The evidence on generalities and issues in the Gifford and Raff cases are somewhat similar with the instant case, but by careful analysis we find a substantial difference as to the significant or important facts. In the instant case, the pigs were in a properly maintained fence with adequate food and the evidence for all reasonable purposes ruled out escape, which was not the situation in the Gifford and Raff cases.
Furthermore, we do not believe the classification of property as either animate or inanimate is controlling, but rather the manner and circumstances as to how the property is secured, protected, used, located, etc., is significant.
With this background, we must now examine, review, or compare the evidence with or in light of the provisions of the policy to determine whether or not its conditions have been fulfilled.
The appellant argues that the evidence in this case is sufficient to show theft, while the insurance company claims that only a mysterious disappearance has been shown.
At the trial, Lovas introduced evidence which he claimed tended to show theft. Lovas testified that he took out the insurance policy because the "thefts of hogs were so high." "There was a lot of it going on across the river." At this time the price of hogs was relatively high.
The hogs were kept in a securely fenced feed lot area. All hogs were accounted for on December 20, 1973. After some hogs had been taken to the market, the loss of 79 hogs was discovered on January 29, 1974. At that time no breaches were found in the fence. No holes were found dug under the fence by the hogs. The ground was frozen. There was testimony that hogs cannot walk on ice. The Elk River, bordering the property, was frozen during this period. No open gates were discovered. Feed was kept in front of the hogs at all times so that it would be unlikely that they would leave the area. When hogs had strayed in the past they were found trying to get back in. Lovas testified that the missing hogs were "heavy" hogs ready for delivery to market.
No hog carcasses were discovered in the area, and no neighbors reported any stray hogs.
The location of the hog pens was such that it was out of sight of the only house located nearby. Robert Mettler, who lived in the house, was away during the weekend "a lot." Lovas testified that he only went to the pens when he was in the area--once or twice a week. Peter Backlund, who took care of the hogs, only came out before and after work.
The pens were located next to the pellet plant and there were many trucks capable of carrying the hogs using the road by the pens.
The evidence also showed that there were no strange tire tracks found leading to the hog pens; no one heard any unusual activity at night near the pens; no strange hogs passed through any known sale barn in the area; there was no evidence of fences being cut or gates being disturbed; and no evidence of anyone being at the pens under suspicious circumstances. There was no evidence that the hogs were ever at any place other than where they were taken by means of human endeavor.
Lovas did not make a theft loss claim with his insurance company immediately after the loss was discovered. He never reported the loss to the police. The insurance agent filed a theft loss claim for Lovas on April 16, following the loss. We do not know if the policy required notification to the police immediately after discovery of loss or theft. Neither was this point argued or mentioned except as an evidentiary matter.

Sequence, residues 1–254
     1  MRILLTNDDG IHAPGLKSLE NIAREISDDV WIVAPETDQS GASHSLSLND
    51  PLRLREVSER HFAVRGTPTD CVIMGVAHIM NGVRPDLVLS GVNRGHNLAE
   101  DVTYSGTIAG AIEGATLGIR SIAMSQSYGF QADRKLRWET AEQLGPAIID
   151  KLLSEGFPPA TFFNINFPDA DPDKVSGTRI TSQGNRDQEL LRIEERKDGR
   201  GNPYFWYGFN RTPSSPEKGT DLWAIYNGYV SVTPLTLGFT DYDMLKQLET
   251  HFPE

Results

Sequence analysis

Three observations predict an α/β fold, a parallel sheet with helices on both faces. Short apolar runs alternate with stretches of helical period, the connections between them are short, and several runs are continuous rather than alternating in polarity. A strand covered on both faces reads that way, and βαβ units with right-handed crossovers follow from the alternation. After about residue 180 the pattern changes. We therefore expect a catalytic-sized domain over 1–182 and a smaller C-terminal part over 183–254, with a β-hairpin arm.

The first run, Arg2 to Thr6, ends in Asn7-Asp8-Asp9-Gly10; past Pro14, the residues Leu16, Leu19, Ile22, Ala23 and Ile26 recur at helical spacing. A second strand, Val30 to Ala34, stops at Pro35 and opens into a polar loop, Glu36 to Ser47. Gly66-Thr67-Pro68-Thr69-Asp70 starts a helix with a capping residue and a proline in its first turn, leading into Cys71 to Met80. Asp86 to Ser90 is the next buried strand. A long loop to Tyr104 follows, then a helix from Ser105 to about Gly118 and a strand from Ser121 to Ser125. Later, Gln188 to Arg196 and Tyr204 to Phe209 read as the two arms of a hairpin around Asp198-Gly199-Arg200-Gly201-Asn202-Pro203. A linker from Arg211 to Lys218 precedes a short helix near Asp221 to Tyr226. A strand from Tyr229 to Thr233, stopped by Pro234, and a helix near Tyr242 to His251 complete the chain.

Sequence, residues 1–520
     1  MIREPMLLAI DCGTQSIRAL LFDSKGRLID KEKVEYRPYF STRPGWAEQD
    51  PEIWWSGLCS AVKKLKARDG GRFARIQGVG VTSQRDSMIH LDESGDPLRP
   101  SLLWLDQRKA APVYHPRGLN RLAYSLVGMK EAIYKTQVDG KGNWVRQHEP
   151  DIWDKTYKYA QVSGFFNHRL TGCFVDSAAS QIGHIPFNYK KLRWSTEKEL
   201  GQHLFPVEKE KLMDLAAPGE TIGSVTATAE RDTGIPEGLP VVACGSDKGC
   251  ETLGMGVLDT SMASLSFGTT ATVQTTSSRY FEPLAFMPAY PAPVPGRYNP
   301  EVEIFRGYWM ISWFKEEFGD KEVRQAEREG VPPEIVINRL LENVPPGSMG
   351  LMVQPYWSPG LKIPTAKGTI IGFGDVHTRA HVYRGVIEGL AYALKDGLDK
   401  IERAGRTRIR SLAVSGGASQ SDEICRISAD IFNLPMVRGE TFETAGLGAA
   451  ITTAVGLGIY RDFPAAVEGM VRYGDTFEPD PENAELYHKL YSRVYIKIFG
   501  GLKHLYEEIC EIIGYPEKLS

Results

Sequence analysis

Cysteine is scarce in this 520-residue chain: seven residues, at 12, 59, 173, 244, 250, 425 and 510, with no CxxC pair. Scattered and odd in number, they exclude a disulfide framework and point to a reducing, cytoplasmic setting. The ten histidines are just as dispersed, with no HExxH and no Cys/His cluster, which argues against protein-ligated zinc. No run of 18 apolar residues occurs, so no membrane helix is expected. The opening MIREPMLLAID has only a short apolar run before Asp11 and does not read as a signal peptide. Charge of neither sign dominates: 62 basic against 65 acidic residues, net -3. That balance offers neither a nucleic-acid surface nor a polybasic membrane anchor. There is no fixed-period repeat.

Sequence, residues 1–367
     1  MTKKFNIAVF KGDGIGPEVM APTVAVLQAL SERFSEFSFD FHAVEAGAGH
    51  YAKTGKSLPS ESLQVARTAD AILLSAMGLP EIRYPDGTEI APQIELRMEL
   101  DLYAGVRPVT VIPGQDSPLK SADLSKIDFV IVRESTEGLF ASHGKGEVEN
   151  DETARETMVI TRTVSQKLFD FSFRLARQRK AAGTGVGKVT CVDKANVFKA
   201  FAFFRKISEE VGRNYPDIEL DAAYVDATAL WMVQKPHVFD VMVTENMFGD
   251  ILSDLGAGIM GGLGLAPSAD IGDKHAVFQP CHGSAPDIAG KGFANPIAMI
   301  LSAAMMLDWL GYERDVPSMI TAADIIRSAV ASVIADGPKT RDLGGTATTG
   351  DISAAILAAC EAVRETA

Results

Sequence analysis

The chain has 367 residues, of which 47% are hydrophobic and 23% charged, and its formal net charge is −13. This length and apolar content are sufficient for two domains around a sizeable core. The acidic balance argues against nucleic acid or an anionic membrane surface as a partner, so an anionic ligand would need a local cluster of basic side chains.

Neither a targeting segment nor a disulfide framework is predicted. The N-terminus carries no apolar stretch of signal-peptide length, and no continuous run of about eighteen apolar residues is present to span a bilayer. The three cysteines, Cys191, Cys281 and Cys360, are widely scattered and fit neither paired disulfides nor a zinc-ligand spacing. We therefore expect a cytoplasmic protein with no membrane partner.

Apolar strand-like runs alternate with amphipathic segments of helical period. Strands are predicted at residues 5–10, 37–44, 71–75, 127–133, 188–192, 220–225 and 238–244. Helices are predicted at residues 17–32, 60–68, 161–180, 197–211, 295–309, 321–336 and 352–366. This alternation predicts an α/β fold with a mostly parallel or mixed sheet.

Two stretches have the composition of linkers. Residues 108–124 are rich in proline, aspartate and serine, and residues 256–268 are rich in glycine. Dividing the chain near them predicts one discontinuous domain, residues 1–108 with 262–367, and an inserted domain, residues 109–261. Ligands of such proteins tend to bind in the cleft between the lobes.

With these facts in mind, we now turn again to the policy. The provisions of the policy in the instant case seem to be contra to the trend expressed in the 12 A.L.R.3d Annotation, supra. Whether this trend applies to insurance of livestock we do not know.
Be that as it may, the insured in any event is required to prove the loss by theft by either direct or circumstantial evidence, and the insured has always been and should continue to be permitted to prove or establish a fact issue by circumstantial evidence. If the provision "theft, but excluding escape or mysterious disappearance," were construed as contended by the insurance company, Lovas will have been effectively denied the use and benefit of circumstantial evidence. This would be tantamount to denial of coverage for theft because theft is generally carried on in a secretive manner
and a cleverly operating thief would not leave any evidence to establish theft. Under such circumstances the insured would not be able to prove theft if he were denied the right or privilege to establish it by circumstantial evidence, and consequently the insured would never be able to recover under the policy. We do not believe justice permits a construction which will bring about such results.
This court in E. E. Bach Millwork Co. v. Meisner & Co., 228 N.W.2d 904 (N.D. 1975), on page 910, said:
"In exercising appellate jurisdiction it is the object of this court to assure ultimate justice as far as possible to the parties concerned within the appropriate applicable rules of law."
Neither do we believe justice would be accomplished if we were to hold that merely because the circumstantial evidence also established a mysterious disappearance, it could not be relied upon by the trier of facts to establish a probable and reasonable inference of theft where the policy contained an exclusion of mysterious disappearance.
We believe that justice requires that circumstantial evidence be permitted to be used to establish theft or to establish an inference of theft.
"Any issue may be proved by circumstantial evidence or may be proved by a combination of both direct evidence and circumstantial evidence.